Thursday 10 May
Rather than wait by the phone for news of the reburial process, John decides to take me on a tour of important Salinan sites. He is the Spiritual Elder of the Salinan tribe, so he knows the land in a special way. We travel to Mission San Antonio, where Salinan Indians were rounded up and converted to Catholic Christianity. There is a plaque here recording the first marriage to be conducted at the Mission in 1773, between John’s many times removed grandparents. We then travel to ‘the Indians’, an area of sacred rock formations in the San Lucia Memorial park, and then to the Ventana Wilderness Trail. Being in these sacred landscapes with John is so special. Tourists would be impressed by the awesome splendour of the mountains, but John explains their sacred nature first hand, which brings a unique perspective to such a memorable day. Unfortunately we can’t stay as long as we wanted (which would have been about 3 months!) because we have an appointment at Mission San Miguel with the local news channel, who are covering the story on their 10pm news that evening. The Mission contains a Chapel with original wall frescos painted by the Salinan Indians in the 1770s. The contrast between the sacred sites we had visited in the morning and the Chapel we are now sitting in couldn’t have been starker.
We are interviewed by KCOY TV, who are really interested in the story. It becomes apparent that although around 700 Salinan Indians still live in the San Luis Obsipo area, little is known about them outside of their own community. There is also great interest in a UK University making the initial contact to begin and pay for repatriation. US repatriation efforts are usually initiated by Native American groups under Federal Law, which requires US Museums and Universities to return Native objects and remains. The process is often long, costly to the tribe and contentious, so our story had several unique features.
Friday 11 May
The phone rings early this morning and we receive the best news of all- the Native American Heritage Commission have given permission for the reburial to take place today! We travel quickly to receive the remains from the Sheriff and Coroner, in front of TV cameras. It is a very moving and symbolic moment to see the Elders formally receive their ancestors for reburial from the Sheriff. We then travel to the site of reburial, which is kept secret to avoid people coming to the grave site to dig up the ancestors again- yes, that actually still happens today! There are about 25 people present, mainly tribal members and people who support the tribe. The Sheriff and Coroner have come too, which is a very meaningful gesture away from the cameras. There are no photographs or recordings allowed of the reburial, and everyone is respectful of this. Tribal songs of welcome are sung to the ancestors, and their remains are laid to rest in a communal grave, side by side for the first time in over 100 years. It is a very emotional ceremony, with lots of tears shed and mixed emotions. The overwhelming theme I hear throughout the day, from State Officials and Tribal members, is how grateful everyone is to the University of Birmingham for repatriating the ancestors. There is regret over what happened during excavation and shipping the remains abroad, but that is completely overshadowed by the joy of homecoming. As one Tribal leader said to us as we gathered around the grave ‘tonight our ancestors will sit around the fire together in their own land for the first time in many years’.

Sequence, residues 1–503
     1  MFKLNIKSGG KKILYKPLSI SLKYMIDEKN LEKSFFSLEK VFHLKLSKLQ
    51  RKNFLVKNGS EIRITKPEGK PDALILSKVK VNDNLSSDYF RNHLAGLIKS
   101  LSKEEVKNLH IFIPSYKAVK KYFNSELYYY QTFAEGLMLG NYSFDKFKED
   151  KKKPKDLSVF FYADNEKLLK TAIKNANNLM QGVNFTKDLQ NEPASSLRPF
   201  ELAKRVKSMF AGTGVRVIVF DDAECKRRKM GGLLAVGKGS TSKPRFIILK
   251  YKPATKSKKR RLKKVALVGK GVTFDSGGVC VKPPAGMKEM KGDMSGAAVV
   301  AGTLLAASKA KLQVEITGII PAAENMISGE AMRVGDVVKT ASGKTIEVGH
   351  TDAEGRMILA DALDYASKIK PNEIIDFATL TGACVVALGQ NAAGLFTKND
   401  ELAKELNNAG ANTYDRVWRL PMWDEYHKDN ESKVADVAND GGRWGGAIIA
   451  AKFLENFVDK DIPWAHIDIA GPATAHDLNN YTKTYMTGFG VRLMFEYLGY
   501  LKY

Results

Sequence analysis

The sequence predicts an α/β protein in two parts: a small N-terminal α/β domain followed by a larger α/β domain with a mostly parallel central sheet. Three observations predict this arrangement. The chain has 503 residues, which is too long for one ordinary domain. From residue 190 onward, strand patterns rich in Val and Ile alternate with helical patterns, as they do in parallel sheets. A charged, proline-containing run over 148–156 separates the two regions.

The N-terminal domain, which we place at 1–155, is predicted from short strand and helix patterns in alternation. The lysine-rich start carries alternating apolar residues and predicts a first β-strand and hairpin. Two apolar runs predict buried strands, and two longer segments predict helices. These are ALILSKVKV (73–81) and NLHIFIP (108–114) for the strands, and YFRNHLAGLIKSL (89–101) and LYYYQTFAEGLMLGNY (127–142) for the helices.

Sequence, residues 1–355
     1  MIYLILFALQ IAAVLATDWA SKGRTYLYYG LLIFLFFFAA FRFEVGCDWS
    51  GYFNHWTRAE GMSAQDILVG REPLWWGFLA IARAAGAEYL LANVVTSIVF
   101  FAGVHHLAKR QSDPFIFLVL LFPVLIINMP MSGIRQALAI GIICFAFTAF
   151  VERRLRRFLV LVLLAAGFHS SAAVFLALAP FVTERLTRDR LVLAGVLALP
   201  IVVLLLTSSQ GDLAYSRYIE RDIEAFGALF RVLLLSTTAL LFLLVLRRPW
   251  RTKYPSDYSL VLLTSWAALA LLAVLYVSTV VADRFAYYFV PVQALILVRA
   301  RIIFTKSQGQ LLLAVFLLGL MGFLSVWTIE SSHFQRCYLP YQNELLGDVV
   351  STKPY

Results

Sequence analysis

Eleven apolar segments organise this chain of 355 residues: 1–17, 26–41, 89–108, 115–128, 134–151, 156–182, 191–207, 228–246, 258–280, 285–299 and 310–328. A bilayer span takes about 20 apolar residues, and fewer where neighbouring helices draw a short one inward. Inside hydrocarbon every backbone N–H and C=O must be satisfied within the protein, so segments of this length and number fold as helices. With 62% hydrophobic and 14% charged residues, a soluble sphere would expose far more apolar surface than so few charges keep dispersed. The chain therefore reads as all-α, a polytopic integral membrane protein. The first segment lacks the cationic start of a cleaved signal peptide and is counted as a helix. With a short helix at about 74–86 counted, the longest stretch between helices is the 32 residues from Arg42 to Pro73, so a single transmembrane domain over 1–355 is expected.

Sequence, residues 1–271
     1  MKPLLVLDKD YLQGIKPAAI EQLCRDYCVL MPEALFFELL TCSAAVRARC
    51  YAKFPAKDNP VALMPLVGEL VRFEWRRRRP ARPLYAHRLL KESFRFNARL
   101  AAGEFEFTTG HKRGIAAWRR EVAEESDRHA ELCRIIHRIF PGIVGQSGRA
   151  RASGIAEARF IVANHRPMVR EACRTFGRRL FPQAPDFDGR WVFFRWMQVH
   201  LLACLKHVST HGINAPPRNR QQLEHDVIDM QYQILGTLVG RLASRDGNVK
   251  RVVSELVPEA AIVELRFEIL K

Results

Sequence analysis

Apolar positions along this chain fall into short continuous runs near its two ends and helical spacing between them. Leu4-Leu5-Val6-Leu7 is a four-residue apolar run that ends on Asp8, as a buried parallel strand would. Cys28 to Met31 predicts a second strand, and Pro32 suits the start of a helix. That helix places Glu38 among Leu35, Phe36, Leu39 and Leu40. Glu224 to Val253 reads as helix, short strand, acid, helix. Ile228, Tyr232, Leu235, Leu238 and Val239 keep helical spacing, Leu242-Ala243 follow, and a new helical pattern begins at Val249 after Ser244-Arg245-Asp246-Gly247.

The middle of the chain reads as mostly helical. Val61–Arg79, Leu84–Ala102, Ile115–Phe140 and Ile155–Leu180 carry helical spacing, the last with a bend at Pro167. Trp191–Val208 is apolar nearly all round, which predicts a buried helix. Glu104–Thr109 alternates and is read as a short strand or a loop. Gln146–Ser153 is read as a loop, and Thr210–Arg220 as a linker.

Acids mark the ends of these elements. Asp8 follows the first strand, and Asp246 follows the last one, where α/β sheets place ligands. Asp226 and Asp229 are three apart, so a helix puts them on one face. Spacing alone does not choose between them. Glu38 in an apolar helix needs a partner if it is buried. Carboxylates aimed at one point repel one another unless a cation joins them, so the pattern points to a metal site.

Saturday 12 May
Today John takes me to another sacred site, Morro Rock on Morro bay. The rock is protected now as there are breeding pairs of peregrine falcons nesting on top of it, so no one is allowed to climb it. There are exceptions, however. At the winter and summer solstice John is allowed to take a few tribal members to the top to perform ancient tribal rituals. The rock is on the Pacific Ocean, so we have a great view of it whilst paddling.
After lunch we travel to the annual tribal BBQ. I am so privileged that my visit coincides with this annual event, where I get to meet around 150 tribal members. Listening to their tribal legends and stories I get a sense of a people still very much in touch with their cultural heritage, despite having completely assimilated into the American way of life. Older members reflect back on their lives, and the lives of their grandparents, discussing how much and how little has changed for them. The BBQ is truly the best I have ever had. BBQ’d oysters, local beef and chicken, lots of salads and dressings, and amazing cakes.
We spend our last evening together sitting round the fire at home, reflecting on the visit and the work yet to be done to bring ancestors and their tribal items back from many locations across America and Europe. The work ahead will be very hard, financially, practically and emotionally, but the tribe is prepared to go through it all in order to respect their ancestors. Having experienced the cooperation of our University, they only hope others will be equally receptive to their need for repatriation.
Sunday 13 May
I leave today for London Heathrow. I am sad to be leaving these wonderful people, but I know that I will return again. We have forged strong bonds in our joint desire to honour the ancestors, and we are grateful to the Dean of Medicine, Professor Paul Stewart, for making all this possible.